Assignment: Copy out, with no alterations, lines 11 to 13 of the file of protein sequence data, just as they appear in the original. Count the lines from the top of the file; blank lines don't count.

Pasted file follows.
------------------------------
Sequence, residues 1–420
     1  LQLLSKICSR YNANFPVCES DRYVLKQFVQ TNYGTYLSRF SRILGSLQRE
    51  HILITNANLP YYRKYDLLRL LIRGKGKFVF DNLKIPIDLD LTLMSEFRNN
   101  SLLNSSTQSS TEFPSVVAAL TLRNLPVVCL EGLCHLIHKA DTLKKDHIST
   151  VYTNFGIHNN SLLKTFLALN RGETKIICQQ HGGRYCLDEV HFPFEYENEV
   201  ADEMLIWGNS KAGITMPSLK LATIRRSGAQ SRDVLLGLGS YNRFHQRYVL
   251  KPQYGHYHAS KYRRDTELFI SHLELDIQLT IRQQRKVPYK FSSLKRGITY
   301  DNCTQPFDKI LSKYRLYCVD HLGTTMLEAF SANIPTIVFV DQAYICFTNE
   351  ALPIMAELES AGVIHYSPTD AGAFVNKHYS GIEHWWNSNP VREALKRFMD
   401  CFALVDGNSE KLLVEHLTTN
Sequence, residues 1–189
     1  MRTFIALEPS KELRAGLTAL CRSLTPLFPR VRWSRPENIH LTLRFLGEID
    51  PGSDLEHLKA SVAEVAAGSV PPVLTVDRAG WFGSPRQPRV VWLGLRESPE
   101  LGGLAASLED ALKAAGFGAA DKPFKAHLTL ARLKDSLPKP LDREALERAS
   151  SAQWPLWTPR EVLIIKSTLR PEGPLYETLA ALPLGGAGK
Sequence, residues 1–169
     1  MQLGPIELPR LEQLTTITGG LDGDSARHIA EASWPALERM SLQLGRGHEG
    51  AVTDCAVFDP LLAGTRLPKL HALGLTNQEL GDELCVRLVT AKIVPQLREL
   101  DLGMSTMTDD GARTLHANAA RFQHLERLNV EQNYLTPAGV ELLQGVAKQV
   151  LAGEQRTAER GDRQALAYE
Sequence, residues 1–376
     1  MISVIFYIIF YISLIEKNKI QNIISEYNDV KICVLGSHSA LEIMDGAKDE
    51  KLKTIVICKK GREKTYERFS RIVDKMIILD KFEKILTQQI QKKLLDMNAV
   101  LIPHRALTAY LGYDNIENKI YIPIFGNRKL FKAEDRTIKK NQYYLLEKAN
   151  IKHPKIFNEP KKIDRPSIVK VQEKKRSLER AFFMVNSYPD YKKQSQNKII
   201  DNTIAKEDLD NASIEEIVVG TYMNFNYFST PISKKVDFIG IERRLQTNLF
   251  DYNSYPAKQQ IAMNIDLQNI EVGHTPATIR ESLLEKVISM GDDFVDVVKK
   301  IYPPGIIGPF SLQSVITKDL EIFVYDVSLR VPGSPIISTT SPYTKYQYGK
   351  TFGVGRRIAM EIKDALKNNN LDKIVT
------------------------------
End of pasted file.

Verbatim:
Sequence, residues 1–189
     1  MRTFIALEPS KELRAGLTAL CRSLTPLFPR VRWSRPENIH LTLRFLGEID
    51  PGSDLEHLKA SVAEVAAGSV PPVLTVDRAG WFGSPRQPRV VWLGLRESPE